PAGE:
Although it's hard to believe today, BMW nearly didn't survive the late 1950s and 1960s. Thirsty and expensive Baroque sedans, the hard-to-find V8-powered 507 sports car (253 built), and the tiny egg-shaped Isetta wasn't really a formula for success. The "New Class" 1,500-cc sedans of 1962, which led directly to the 2002 and a successful series of 2,500-, 2,800-, and 3,000-cc sedans and coupes, changed that, in rapid succession. Perhaps the crown jewel of BMW's renaissance was the E9 coupe-better known as the 2800 and 3.0CS. Though lovely to look at, it was a hideously rust-prone pillarless coupe and was ultimately unable to meet what everyone thought were going to be rather stringent 1977 federal roll-over standards. In any event, both the E9 coupe and the sedans that shared its underpinnings were looking decidedly long in the tooth by the mid-1970s. The 6 and 7 Series (coupes and sedans, respectively) would replace the 3.0CS coupe and 3.0S/Bavaria sedans in the U.S. in 1977.

Paul Bracq designed the TGV train

After a stint with Mercedes and then one in France designing the TGV train, Paul Bracq came to BMW and penned the 6 and 7 Series cars known internally as the E24 and E23. While not nearly as lovely as the Hofmeister-designed E9, the E24 Sixer was nonetheless a very handsome and successful design with greater safety built in from a stronger roof and more generous front and rear overhangs. The original E23 7 Series looked very much like a four-door version of the coupe. In the U.S., the initial versions were known as the 630CSi and the 730i. Unfortunately, both cars debuted at a truly horrendous time for internal combustion vehicles in the U.S. The approach to emission controls on both cars was particularly ham-fisted. Low-compression heads with air injection, exhaust gas recirculation (EGR), and thermal reactors meant that the horsepower of U.S. versions was a shadow of the European cars. Worse, the amount of heat generated by the EGR and thermal reactors meant that cylinder head cracks and warping were common. For this reason alone, the 1977-79 630i/633i and 730i/733i cars should be of little interest to anyone.

A miraculous invention the size of a spark plug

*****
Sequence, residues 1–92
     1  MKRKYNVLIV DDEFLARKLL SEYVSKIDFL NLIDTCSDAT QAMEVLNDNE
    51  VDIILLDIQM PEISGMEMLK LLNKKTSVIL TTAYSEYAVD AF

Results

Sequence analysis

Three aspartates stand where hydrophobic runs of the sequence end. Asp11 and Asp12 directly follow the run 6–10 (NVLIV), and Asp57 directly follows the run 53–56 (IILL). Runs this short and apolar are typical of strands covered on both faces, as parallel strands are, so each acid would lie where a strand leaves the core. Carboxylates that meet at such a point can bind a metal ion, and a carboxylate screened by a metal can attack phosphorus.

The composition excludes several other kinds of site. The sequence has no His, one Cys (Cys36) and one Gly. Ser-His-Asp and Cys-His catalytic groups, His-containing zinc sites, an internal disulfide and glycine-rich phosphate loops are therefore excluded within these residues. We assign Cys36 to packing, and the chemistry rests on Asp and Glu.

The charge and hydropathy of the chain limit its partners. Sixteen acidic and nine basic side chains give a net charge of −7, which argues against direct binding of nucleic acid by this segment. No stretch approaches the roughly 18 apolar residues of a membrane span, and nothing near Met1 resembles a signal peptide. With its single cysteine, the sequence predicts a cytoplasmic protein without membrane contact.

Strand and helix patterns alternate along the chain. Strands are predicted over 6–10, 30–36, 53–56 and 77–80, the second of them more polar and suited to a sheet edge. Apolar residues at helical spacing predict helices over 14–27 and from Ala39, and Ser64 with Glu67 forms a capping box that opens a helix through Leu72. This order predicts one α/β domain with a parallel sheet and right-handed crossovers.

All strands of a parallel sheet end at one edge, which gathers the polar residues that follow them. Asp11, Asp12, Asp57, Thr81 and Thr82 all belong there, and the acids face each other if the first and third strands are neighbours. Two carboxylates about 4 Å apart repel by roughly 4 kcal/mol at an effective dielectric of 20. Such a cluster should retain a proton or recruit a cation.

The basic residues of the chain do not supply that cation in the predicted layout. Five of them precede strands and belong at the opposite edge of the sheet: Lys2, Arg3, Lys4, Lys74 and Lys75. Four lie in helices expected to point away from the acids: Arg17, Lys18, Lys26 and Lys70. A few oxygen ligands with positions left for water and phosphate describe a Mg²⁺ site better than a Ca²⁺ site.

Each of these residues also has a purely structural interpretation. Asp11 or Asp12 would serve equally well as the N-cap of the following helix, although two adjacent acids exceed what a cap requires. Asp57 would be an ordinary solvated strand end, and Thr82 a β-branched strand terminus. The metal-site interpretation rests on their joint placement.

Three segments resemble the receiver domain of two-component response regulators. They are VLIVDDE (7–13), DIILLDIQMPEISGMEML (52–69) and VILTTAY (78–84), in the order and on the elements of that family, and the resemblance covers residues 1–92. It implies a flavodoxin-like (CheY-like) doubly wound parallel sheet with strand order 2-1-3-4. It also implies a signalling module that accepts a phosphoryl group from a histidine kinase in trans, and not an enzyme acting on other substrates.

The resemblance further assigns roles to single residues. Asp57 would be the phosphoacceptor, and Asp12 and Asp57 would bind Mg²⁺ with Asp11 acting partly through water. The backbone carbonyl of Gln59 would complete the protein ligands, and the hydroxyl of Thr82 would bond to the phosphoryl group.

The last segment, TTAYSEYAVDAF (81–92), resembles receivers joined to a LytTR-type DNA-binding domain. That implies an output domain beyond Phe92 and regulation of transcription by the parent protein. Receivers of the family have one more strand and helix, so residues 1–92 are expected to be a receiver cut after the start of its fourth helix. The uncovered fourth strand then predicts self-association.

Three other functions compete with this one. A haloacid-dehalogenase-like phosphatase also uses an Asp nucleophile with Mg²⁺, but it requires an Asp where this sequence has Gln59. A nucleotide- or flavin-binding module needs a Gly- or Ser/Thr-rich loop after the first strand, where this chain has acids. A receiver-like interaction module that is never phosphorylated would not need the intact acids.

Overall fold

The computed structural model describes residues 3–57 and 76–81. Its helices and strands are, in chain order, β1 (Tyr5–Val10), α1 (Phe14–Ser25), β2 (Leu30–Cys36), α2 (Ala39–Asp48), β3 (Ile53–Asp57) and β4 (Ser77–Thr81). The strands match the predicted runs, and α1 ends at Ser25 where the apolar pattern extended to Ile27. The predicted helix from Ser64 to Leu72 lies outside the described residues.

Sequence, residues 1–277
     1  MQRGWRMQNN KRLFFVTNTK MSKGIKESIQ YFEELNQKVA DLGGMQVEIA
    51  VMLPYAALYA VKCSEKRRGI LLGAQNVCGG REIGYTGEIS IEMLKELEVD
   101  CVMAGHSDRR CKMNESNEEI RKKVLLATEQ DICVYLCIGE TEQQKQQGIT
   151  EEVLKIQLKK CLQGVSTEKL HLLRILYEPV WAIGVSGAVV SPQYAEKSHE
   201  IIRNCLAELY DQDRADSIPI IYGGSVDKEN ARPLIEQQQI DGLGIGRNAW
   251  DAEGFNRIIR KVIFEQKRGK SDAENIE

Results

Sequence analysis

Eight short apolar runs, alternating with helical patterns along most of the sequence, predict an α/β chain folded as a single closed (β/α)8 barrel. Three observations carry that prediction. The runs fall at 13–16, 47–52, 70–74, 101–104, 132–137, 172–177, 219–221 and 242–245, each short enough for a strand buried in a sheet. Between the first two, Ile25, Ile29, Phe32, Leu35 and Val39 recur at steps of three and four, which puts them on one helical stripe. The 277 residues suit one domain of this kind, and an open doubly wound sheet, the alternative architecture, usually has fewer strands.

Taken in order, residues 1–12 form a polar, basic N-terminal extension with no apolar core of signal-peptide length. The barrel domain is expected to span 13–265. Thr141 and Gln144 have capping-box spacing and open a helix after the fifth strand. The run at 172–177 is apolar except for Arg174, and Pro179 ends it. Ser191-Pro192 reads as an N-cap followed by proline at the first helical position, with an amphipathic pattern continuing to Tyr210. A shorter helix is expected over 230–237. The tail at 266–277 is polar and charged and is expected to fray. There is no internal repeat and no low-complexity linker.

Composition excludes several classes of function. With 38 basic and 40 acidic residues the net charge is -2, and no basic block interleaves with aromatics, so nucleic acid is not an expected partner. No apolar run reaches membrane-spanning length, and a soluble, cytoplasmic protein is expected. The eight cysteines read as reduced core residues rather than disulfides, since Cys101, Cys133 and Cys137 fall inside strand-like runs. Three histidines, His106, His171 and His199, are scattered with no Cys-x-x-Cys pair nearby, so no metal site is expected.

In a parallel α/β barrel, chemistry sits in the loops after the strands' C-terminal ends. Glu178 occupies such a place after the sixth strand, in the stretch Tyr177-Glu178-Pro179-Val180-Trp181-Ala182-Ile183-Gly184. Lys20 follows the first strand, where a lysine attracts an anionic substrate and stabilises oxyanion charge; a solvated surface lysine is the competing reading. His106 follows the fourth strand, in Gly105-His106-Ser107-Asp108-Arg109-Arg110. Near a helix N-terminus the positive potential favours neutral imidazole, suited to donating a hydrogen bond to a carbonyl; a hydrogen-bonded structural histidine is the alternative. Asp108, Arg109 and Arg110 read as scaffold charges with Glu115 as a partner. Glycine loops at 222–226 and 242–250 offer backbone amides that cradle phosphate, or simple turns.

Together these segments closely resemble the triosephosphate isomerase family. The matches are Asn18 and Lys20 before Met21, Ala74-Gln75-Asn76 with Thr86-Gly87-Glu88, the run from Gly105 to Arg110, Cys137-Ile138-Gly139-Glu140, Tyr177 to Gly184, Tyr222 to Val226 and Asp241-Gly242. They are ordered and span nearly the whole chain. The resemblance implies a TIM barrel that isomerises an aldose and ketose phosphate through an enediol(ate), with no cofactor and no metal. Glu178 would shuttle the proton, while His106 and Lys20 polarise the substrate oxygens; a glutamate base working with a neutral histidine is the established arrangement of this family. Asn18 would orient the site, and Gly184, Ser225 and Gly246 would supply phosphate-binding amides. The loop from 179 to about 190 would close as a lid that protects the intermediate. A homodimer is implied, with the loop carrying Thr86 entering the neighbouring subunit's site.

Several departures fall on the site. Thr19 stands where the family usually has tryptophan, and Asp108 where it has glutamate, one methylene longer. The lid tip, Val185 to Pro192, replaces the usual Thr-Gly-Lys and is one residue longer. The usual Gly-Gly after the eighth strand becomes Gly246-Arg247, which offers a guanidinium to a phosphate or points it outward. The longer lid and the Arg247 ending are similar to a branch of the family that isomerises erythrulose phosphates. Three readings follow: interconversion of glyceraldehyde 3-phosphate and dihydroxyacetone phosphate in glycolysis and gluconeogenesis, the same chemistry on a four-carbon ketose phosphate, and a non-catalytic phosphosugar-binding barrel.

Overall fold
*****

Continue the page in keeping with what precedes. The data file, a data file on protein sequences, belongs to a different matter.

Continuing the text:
In 1980, the Bosch oxygen sensor-a miraculous invention about the size of a spark plug-coupled with the catalytic converter, saved the 633CSi and 733i in America. Gone were the dreaded thermal reactors and the blast furnace-like heat they created. From 1980 on, BMW could set about creating the car the E24 should have been in the first place. The first significant improvement was the change from Bosch L-Jetronic injection to Motronic in 1983. The Motronic box controlled not just the mixture but timing as well and allowed for greater efficiency. The last of the 3.2-liter 633CSi/733i cars also got a very nice optional Getrag 5-speed box in 1984. The definitive versions of the E24 coupe and E23 sedan were the 3.5-liter 635CSi/735i of 1985-89. In addition to some extra displacement, the coupe gained a front air dam and more standard features. One unwelcome addition (particularly for a buyer today) was BMW's flirtation with Michelin TRX tires, fitting only a 390-mm wheel rather than a conventional 14- or 15-inch wheel. Tire technology has rendered the TRX obsolete. The only alternative to buying replacement TRXs at great cost on the specialty tire market is to fit 14- to 16-inch wheels. Both cars were offered briefly as the L6 and L7, with a few additional luxury features standard, but the ultimate 6 Series was clearly the M6 coupe of 1988-89. Offered only with a 5-speed and a 256-hp engine, the $60,000 M6 restored some sorely needed credibility to BMW's late 1980s offerings. Only 5,803 were sold, and they're rare today. SCM estimates values at $14k-$18k, but none has come to auction recently. Factory hot rod Alpina coupes were made in such small numbers that it's a seller's market. Just make sure you get complete provenance. Although not particularly troublesome cars, the most recent E24 coupes and E23 sedans are now over 20 years old. Things like Motronic boxes, ABS pumps, sensors and dash wiring, switches, and motors all fail eventually-with expensive consequences. BMW's notoriously bad rust-proofing improved considerably in the 3.5-liter cars, but you should still be on your guard. Interiors on hot-climate cars also come undone with age, with leather shrinking and plastic cracking. Bad, cheap 6s and 7s abound on Craigslist, and just as with cheap Ferraris, these wind up being the most expensive cars to own once fixed. Only the best of the best are worth considering. And even these are still quite cheap. The nicest 6 I've ever seen was one in St. Louis that was on eBay. I was checking it out for SCMer Steve Haas. A 60,000-mile airline pilot's car, it was nearly perfect in every way. Just as I was giving Haas the thumbs up, another lucky individual hit the "Buy it Now" button for $8,500. As collectibles, it's doubtful these lovely cars will see any serious appreciation anytime soon, although the M6 is probably the best bet. Still, they seem to have made the transition from used car to a minor collectible at this point; they no longer make the socio-economic statement "couldn't afford a new BMW coupe" and now stand as a testament to the owner's discerning good taste and economic stability.

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